When suffering from heat stroke or when simply too hot, some animals, such as dogs, lose their ability to regulate their own body temperature. Cooling them too quickly can lower their body temperature to dangerous levels. Instead, offer the animal plenty of water and get him into shade or into a cool building or vehicle.

Stocking a first aid kit for pets

First aid kits are a good idea to have on hand for pets, particularly those who enjoy recreation and outdoor activities. A pet first aid kit should include:

  • Gauze, tape and a pair of scissors
  • An extra leash and collar
  • Extra prescription medication that the pet may needs
  • Antiseptic wipes
  • Hydrogen Peroxide
  • A pair of disposable gloves
  • Large, flexible adhesive bandages
  • Tweezers
  • Muzzle
  • Blanket
  • Sterile, non-adhesive pads
  • Saline eye wash
  • Antibacterial ointment
  • Leather work gloves (to protect the pet owner from bites)
  • Digital thermometer
  • Kaopectate or Pepto-Bismol (antacids approved for use in dogs and cats)
  • Information about such as the phone numbers to local emergency pet clinics and the poison control center, and information about the pet, such as vaccinations and medical history

Pet owners should get to know the health of their pet by regularly checking his temperature with a digital thermometer held under his 'underarm' to establish a baseline temperature that is normal for the pet. Owners should also get familiar with the pet's resting and active heart rate by holding their hand over the left side of his chest. Check the pet's gum color to become familiar with its normal shade. Any changes in these baseline measurements indicate that the pet needs a veterinary checkup. Ask your veterinarian to show you how check your pet's normal vital signs.

Dog-on-dog violence increases during summer months

Veterinarians at Colorado State University say emergency trips to the veterinary hospital for dog-on-dog violence increase during summer months. This may be because dogs are outside more often as their owners enjoy the warmer weather.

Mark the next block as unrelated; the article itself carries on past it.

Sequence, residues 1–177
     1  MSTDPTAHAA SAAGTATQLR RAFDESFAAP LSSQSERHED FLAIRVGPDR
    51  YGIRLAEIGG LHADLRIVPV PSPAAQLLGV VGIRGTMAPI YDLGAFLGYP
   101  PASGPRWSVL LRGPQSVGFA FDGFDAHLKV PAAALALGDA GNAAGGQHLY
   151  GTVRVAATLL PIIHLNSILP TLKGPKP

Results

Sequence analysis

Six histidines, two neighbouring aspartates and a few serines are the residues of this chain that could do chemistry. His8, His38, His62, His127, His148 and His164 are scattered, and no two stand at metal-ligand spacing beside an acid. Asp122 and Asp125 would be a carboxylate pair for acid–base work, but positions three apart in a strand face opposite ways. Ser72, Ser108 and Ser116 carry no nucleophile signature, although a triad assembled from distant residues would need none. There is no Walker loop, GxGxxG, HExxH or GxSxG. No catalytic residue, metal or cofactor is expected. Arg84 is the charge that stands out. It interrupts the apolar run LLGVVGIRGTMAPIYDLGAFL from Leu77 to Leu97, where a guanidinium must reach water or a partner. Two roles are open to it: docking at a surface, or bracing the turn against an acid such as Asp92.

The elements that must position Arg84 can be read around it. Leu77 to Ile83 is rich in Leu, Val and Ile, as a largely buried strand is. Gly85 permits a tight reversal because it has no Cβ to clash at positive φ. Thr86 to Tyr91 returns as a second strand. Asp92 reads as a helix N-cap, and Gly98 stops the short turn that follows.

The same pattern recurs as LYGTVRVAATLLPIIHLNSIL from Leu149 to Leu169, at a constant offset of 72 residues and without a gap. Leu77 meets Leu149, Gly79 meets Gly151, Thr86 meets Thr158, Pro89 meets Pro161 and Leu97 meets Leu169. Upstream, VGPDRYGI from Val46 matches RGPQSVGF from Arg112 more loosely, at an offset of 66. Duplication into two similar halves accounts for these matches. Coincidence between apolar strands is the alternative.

By taking a few precautions, the incident of dog-on-dog injuries can be reduced. Keep dogs on leash at all times. Dog owners should get feel for their dog's response to unfamiliar dogs, and act accordingly. It's best to always have both dogs on leashes for the first contact between two dogs unfamiliar with each other.

If dog bites occur, it's important to seek medical treatment even if the skin is not broken. The jaws of a dog are extremely powerful and dog bites can be crushing and cause serious internal injuries invisible on the exterior of the dog. 

Helping a pet injured on a roadway

Dogs and cats are often struck by a vehicle and injured, more often so in warm weather months. Careful handling is required by first responders to such an accident.

Some of the worst bites to humans are the result of their own animals when the animal is injured and in pain. The first responders need to take care to prevent being bitten by the painful, distressed animal. If possible, put a soft muzzle on the animal. If no muzzle is available, gently wrap the injured animal in a blanket or towel to ease movement. Many animals hit by vehicles have severe back injuries, so use extreme caution when lifting of moving the animal.

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This information is provided as a service of Colorado State University veterinarians from the College of Veterinary Medicine and Biomedical Sciences.


Contact: Dell Rae Moellenbrg
E-mail: DellRae.Moellenberg@colostate.edu
Phone: (970) 491-6009